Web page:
(For the audio version of this blog, please visit: http://brothersinchristcmf.org/wp-content/uploads/2022/07/Mass-Blog-for-the-19th-Sunday-in-Ordinary-Time-2022.mp3)
Religious leaders of all faiths have one thing in common. Their faith. Supplies of this precious asset may vary, but an abundance has led the faithful throughout history to do strange things—from painting their doorposts with sacrificial lamb’s blood so the angel of death would pass over their home (Wis 18:6-9), to shedding the sacrificial blood of one’s own son (Heb 11:1-2, 8-19)—just because God told them to.
Catholics will read about these extreme acts of faith at Mass this Sunday and will have the opportunity to make their own profession of faith a few minutes later. Their celebrant will relate to every word, because priesthood itself is a bigger act of faith than it’s ever been. In fact priests join their brother ministers, pastors, rabbis and all other religious leaders who are doing more with less of it among those they serve, just as Jesus did more than anyone expected with just a few loaves and fish.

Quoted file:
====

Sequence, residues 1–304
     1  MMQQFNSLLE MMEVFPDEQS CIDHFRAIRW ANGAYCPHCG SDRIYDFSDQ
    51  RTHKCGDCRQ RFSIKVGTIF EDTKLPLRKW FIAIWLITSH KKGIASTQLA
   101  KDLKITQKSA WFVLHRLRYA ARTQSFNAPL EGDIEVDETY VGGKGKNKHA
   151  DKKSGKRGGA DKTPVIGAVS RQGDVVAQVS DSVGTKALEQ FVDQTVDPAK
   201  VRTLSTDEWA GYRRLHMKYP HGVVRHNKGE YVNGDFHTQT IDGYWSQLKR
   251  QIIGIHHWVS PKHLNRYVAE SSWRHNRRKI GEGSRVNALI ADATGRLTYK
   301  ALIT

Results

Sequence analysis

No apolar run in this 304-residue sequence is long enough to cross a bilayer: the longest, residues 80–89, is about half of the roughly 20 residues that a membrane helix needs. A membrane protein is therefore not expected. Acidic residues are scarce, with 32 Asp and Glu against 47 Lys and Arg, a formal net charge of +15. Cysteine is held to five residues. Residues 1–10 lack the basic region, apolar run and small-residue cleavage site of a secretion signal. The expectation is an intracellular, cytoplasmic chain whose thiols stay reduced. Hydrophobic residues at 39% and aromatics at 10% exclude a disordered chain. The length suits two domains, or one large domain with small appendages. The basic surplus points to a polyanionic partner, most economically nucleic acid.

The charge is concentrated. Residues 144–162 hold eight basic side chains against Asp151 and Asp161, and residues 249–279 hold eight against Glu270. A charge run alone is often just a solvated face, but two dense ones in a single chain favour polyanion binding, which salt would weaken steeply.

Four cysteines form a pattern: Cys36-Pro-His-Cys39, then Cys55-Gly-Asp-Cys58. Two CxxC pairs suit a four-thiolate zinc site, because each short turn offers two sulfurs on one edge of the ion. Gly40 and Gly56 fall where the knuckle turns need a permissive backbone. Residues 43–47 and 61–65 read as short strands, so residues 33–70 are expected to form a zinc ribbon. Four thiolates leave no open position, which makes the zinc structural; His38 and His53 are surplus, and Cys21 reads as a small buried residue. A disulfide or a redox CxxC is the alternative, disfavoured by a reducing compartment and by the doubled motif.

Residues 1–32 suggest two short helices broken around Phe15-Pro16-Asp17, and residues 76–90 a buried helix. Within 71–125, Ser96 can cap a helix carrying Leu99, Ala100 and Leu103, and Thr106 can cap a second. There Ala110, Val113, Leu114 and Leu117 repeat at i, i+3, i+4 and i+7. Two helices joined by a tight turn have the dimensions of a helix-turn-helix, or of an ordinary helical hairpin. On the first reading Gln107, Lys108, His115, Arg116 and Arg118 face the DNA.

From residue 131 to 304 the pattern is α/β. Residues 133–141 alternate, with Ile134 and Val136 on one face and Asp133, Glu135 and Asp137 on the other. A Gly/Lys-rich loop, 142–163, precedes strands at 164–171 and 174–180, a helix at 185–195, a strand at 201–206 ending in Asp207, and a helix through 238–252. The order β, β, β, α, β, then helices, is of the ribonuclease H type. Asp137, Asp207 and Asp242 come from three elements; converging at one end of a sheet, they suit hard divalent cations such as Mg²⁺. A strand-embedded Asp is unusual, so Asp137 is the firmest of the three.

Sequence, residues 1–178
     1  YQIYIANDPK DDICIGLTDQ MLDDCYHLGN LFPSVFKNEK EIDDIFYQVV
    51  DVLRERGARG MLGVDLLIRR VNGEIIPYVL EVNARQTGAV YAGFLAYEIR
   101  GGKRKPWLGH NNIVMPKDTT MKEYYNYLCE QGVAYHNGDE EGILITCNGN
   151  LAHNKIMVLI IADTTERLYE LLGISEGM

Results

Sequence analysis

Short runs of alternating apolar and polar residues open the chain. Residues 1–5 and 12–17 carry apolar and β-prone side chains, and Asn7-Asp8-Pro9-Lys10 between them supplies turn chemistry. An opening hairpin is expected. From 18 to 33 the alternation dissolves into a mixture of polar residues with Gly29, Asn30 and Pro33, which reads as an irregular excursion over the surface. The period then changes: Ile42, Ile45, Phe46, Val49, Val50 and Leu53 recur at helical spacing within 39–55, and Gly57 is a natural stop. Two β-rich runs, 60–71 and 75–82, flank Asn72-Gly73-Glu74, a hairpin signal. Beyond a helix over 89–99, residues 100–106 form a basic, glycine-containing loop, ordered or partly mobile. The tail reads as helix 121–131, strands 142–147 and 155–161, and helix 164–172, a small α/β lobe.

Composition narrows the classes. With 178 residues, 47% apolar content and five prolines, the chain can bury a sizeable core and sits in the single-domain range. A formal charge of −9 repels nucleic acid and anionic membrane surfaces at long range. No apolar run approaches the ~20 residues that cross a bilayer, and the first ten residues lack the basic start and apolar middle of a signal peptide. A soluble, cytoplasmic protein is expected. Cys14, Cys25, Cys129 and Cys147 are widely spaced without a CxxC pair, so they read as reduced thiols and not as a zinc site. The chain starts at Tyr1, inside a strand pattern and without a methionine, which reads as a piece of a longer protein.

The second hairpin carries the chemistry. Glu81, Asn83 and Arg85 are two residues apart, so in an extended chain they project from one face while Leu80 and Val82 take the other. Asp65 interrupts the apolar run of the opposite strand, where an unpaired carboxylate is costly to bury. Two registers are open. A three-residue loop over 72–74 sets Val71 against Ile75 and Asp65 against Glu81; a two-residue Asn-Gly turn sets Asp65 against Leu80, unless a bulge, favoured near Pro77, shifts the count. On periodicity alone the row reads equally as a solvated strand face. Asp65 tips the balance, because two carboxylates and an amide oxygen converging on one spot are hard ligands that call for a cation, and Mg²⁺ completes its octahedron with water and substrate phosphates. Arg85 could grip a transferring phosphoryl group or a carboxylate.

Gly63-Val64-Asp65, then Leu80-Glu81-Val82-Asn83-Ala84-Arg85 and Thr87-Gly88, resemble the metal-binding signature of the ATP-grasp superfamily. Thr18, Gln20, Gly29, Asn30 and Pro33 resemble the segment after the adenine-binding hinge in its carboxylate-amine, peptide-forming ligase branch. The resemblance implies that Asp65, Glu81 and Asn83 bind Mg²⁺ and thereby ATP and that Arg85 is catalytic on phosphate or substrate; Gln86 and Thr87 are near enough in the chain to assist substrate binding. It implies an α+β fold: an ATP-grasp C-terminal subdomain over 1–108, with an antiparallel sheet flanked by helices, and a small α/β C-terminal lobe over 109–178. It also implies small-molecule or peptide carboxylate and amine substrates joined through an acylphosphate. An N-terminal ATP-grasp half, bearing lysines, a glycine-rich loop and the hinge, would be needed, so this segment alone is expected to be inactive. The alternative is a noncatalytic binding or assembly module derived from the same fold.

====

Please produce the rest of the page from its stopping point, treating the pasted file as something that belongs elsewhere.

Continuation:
Many clerics are even doing blogs and podcasts like this one to reach people who don’t attend worship services as often as they used to, according to a recent Wall Street Journal article (“Annulments, Theology and Batman,” (6-21-22). One podcast, named “Clerically Speaking,” is hosted by two priests, Fathers Anthony Sciarappa and Harrison Arye, who talk about everything from serious matters like depression and anxiety to the potential salvation of a bug that drowned in holy water.
A recent episode veered into how hectic the priesthood is getting as more and more parishioners rely on fewer and fewer priests. With pastoral power being spread thin in parishes around the world, strapped pastors are sure to relate to St. Peter in this Sunday’s gospel reading (Lk 12:32-48). In it, after hearing his master speak on the dangers of letting one’s security system down and leaving themselves vulnerable to thieves, Peter asks:
“Lord, is this parable meant for us or for everyone?” And the Lord replies… “Much will be required of the person entrusted with much, and still more will be demanded of the person entrusted with more.”